There are only two names on the ballot for District Attorney of New York City and (yes, Virginia, it's true) one of them is the candidate of the Free Libertarian Party! In a triumph of hard work and good luck the Free Libertarian Party (FLP) collected 20,562 names on their election petitions (only 7,500 were required) and were not challenged at all (finding grounds for invalidating each others' election petitions is a favorite sport of NYC politicians), with the result that their entire slate of eight candidates will be on the municipal election ballot November 6th:

Fran Youngstein/Mayor
Bill Lawry/City Council President
Tom Avery/Comptroller
Lou Sicilia/Manhattan Borough President
Gary Greenberg/Manhattan District Attorney
Paul Streitz/Manhattan Councilman at Large
Spencer Pinney/City Councilman, 19th Dist.
Ray Goldfield/City Councilman, 33rd Dist.

At present Fran Youngstein is attracting the most media attention (publicity for libertarian ideals is the basic aim of the campaign)—quite aside from her inherent intelligence and vivacity, people seem intrigued at the novelty of a woman running for mayor, especially one whose campaign brochure leads off with "It's tough living in the City. City Hall sees to that." Gary Greenberg, however, is the candidate most likely to be faced with the dilemma of actually winning: his sole opponent is the ailing Frank Hogan, the incumbent D.A. supported by the four major parties. Greenberg's background as a staff attorney for the New York Legal Aid Society, Criminal Division, gives him a good background for promoting the FLP's call for the repeal of the City's victimless crime laws ("Is our city really any safer now that DEEP THROAT has been busted?") and a redirection of police efforts towards protecting citizens' lives and property.

Anyone wishing to help out with the campaign in New York City between now and November 6th (and the unprecedented chance to bring libertarian ideas to the attention of millions of people in New York and nationwide) is urged to contact the Free Libertarian Party, Room 201, 15 West 38th Street, New York, NY 10018, tel: (212) 354-0292. Money is needed to print campaign literature and buy media time, and people are needed to help with the campaigning!


On August 23, 24, and 25 the Pfister Hotel in Milwaukee was the meeting ground for a group of people interested in exploring the implications of Ayn Rand's Objectivism for some traditional problems in philosophy. "The Metaphysics of Knowledge and Mind" was the title and general subject matter of the conference, sponsored by the Equitarian Associates, a mid-western group interested in issues of Objectivist philosophy. Those reading papers were Dr. Tibor Machan, Douglas Rasmussen, Roger Bissell, Dr. Eric Mack, Joel Mykelbust, and Dr. Betty Erwin, and the papers ranged from issues surrounding scientific knowledge and knowledge in general, through the mind/body problem and its relation (or solution) to computers, free will and biofeedback.

In explaining why the Equitarian Associates had decided to center this conference on philosophical issues, Douglas Rasmussen, co-founder of the Equitarian Associates and conference chairman, pointed to the need for serious scholarly work following up on some of Rand's hints. Mr. Rasmussen borrowed from one of his professors in calling the two days of intensive study and discussion "a feast of reason." Then, in an interesting historical reference, he noted that the last "feast of reason" was associated with the Jacobins; the participants in that feast were ultimately subjected to the guillotine. The point intended was that at least some of what must be done in order to save ourselves from the (if only metaphorical) guillotine is just this kind of careful engaging in reason about some of the issues fundamental to a free society.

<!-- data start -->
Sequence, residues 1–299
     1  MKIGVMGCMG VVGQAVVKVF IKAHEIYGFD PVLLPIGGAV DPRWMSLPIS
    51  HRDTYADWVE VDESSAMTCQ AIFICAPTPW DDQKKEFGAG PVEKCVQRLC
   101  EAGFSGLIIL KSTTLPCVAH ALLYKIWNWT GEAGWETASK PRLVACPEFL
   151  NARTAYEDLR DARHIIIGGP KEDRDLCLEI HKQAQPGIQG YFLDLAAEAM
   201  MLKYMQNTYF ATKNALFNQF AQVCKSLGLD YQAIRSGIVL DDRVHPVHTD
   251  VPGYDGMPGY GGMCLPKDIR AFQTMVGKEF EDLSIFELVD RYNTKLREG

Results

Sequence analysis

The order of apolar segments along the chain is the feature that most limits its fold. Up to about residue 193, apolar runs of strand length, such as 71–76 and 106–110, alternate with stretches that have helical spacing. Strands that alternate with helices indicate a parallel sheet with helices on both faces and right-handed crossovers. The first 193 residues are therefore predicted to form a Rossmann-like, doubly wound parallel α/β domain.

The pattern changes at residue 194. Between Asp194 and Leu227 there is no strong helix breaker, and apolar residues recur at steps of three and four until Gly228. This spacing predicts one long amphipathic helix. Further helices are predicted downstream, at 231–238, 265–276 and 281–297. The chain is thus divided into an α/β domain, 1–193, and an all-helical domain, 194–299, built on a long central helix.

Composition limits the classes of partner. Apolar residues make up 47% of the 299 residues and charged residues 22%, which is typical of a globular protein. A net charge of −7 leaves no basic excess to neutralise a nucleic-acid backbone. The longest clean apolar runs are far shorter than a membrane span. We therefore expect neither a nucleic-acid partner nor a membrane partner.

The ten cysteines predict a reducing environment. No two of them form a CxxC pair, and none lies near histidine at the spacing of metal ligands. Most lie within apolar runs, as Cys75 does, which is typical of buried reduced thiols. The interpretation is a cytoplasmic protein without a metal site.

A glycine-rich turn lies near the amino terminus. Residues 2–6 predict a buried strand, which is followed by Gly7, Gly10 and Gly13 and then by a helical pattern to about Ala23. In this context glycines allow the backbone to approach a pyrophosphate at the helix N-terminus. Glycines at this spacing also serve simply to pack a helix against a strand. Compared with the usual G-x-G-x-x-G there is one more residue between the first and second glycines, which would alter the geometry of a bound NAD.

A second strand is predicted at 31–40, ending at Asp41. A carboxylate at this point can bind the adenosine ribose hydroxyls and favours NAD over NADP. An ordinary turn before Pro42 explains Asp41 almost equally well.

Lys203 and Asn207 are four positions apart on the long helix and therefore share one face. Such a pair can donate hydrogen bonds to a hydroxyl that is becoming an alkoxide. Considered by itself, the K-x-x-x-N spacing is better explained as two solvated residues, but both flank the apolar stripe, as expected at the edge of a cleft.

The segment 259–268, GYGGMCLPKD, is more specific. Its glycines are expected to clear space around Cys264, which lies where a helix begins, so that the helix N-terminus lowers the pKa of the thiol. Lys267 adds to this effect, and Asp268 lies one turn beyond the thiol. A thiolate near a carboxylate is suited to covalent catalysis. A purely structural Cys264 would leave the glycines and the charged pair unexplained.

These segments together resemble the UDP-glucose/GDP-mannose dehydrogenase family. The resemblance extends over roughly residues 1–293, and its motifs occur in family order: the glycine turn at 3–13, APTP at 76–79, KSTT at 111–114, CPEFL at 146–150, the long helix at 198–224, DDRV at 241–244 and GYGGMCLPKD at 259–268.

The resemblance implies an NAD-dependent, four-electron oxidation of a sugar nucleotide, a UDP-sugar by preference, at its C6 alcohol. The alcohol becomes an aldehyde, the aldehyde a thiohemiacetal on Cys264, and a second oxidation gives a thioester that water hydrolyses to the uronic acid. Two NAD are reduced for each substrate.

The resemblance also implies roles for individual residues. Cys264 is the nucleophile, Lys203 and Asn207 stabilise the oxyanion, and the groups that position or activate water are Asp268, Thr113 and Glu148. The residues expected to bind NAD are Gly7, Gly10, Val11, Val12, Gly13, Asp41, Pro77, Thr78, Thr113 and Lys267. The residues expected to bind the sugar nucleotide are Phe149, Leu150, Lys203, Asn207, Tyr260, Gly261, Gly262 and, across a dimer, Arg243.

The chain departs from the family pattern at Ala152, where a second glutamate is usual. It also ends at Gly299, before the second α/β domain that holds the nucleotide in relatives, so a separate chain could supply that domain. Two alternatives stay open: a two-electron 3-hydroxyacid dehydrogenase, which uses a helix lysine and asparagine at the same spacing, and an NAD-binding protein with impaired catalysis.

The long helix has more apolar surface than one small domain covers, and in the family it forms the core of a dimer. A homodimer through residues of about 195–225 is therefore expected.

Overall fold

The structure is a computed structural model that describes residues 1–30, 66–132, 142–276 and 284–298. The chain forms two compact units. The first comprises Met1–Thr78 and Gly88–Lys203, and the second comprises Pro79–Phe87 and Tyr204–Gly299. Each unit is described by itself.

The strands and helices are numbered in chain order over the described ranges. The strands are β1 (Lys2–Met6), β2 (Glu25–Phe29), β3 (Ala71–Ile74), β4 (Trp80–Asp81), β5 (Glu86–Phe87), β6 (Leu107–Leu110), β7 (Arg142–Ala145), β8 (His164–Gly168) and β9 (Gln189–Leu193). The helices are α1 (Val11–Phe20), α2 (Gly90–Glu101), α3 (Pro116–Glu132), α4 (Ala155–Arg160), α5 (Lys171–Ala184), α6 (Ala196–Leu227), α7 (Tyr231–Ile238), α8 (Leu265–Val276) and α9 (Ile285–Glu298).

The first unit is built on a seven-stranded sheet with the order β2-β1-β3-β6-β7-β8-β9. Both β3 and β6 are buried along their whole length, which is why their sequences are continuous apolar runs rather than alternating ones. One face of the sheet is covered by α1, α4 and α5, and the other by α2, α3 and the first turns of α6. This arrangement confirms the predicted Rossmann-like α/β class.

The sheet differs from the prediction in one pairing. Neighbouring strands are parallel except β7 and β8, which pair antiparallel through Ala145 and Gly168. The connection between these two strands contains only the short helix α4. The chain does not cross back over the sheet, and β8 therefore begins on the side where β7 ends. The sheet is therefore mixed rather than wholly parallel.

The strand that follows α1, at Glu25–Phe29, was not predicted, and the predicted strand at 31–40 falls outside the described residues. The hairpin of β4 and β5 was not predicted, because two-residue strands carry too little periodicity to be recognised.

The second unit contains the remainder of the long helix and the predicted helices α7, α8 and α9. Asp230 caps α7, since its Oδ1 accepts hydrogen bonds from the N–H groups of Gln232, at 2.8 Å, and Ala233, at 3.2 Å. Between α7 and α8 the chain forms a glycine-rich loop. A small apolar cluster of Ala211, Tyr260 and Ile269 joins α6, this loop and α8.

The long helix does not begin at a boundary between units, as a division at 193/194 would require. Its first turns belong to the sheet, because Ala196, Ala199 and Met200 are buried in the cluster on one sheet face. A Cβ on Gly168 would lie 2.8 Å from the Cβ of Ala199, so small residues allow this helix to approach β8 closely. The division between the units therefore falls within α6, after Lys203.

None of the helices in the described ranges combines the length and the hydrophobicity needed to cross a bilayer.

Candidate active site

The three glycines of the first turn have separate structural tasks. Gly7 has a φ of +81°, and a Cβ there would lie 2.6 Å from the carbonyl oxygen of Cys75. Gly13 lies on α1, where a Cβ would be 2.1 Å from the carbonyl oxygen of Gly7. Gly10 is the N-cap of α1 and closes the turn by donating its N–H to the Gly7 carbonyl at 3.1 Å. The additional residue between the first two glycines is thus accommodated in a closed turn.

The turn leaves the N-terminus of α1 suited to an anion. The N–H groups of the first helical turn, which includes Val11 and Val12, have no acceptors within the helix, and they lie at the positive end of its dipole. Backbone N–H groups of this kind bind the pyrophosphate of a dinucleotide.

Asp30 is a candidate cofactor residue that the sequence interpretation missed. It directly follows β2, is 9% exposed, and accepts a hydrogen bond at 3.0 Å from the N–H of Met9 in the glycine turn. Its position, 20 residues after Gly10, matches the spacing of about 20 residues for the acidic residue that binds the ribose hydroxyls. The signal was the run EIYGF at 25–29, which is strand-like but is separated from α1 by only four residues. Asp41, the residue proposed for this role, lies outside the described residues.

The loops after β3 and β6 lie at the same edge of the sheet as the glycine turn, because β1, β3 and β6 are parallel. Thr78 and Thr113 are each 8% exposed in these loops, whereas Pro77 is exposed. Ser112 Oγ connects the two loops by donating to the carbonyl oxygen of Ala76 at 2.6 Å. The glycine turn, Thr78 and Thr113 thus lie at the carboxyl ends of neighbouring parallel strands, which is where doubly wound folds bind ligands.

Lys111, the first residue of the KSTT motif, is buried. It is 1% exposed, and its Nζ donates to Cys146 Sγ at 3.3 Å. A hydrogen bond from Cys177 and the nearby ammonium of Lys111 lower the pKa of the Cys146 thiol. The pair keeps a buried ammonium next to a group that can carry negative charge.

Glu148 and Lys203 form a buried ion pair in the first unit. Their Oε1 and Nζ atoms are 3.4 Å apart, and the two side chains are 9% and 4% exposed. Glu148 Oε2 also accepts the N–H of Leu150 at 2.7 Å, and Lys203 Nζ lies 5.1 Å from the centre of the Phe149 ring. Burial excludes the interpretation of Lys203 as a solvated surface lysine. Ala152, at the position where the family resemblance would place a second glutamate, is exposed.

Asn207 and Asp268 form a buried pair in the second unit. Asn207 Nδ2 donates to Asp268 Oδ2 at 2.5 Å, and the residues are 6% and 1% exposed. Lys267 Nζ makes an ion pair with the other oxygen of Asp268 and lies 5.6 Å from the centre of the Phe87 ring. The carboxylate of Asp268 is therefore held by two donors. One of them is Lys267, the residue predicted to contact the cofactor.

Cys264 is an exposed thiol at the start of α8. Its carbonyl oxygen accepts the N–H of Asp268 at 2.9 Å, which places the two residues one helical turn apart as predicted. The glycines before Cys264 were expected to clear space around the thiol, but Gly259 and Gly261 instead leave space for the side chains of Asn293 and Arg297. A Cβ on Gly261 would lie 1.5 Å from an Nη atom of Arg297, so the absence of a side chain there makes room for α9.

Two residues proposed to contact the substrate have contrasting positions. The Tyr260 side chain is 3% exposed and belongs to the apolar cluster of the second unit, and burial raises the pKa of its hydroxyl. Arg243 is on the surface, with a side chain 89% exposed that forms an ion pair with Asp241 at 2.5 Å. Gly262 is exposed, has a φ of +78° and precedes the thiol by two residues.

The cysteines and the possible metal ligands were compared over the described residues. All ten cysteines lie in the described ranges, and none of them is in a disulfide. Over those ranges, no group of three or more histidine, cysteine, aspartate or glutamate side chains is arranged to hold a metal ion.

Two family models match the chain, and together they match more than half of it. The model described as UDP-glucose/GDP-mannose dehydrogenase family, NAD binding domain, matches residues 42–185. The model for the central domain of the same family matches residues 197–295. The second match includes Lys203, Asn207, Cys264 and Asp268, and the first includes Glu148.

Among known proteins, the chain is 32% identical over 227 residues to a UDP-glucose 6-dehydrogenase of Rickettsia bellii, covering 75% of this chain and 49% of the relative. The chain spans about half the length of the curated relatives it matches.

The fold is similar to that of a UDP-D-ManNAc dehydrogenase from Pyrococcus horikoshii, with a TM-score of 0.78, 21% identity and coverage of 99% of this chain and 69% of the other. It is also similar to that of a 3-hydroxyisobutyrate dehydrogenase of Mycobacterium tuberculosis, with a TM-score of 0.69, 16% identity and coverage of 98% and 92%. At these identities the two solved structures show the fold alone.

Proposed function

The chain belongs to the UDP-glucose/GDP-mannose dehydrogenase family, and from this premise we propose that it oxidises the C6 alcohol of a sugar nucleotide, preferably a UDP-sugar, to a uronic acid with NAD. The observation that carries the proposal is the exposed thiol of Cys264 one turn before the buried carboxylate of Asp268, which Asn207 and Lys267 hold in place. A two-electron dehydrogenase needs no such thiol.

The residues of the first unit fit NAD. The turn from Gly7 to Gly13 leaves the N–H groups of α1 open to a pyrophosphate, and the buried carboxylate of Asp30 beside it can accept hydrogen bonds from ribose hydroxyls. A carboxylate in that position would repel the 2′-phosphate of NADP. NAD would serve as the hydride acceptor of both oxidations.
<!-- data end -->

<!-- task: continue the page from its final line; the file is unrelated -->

And, in spite of the mixed anticipations and interests of the participants, the conference was in that respect a success. Over 60 people attended, coming from Iowa, Illinois, Wisconsin, Maine, Michigan, Ohio, and New York. Although not even half of those who came were academically inclined, interest was maintained at a high level and provocative discussions followed presentation of the papers.


A recent draft of the new Bill of Rights being considered at Louisiana's Constitutional Convention includes the following section: "No law shall impair freedom of commerce by arbitrarily limiting the practice of any occupation to a certain class of persons, by controlling the production or distribution of goods, by dictating the quality or price of products, or by requiring any business to open or close at a given time." Members of the Libertarian Party of Louisiana are leading a drive to support this clause.

Grant La Point, Chairman of the Alaska LP, reports that the Party had a very successful booth at the Tanana Valley Fair that was held in Fairbanks recently. Hundreds of pieces of literature were handed out and many new members were signed up, thus strengthening Alaska's number one position in per capita membership among state LP's.

Enthusiasm is building for the candidacy of New Jersey LP gubernatorial hopeful John Goodson. A major press conference is planned at which Goodson will sign a contract which will legally bind him to his campaign promises (the first of which is a ten year moratorium on legislation). Goodson surprised the political establishment in New Jersey when he turned down free television time offered to him by the NJ Public Broadcasting Authority. Said Goodson, "it is immoral to expect the taxpayers to help pick up the tab for my campaign."

Libertarians in Houston, Texas area are planning a festival week of activities to coincide with Nathaniel Branden's speaking there October 19th. For further information contact Robert Bakhaus, 5905 Glenmont #64, Houston, TX 77036. (713) 666-8706.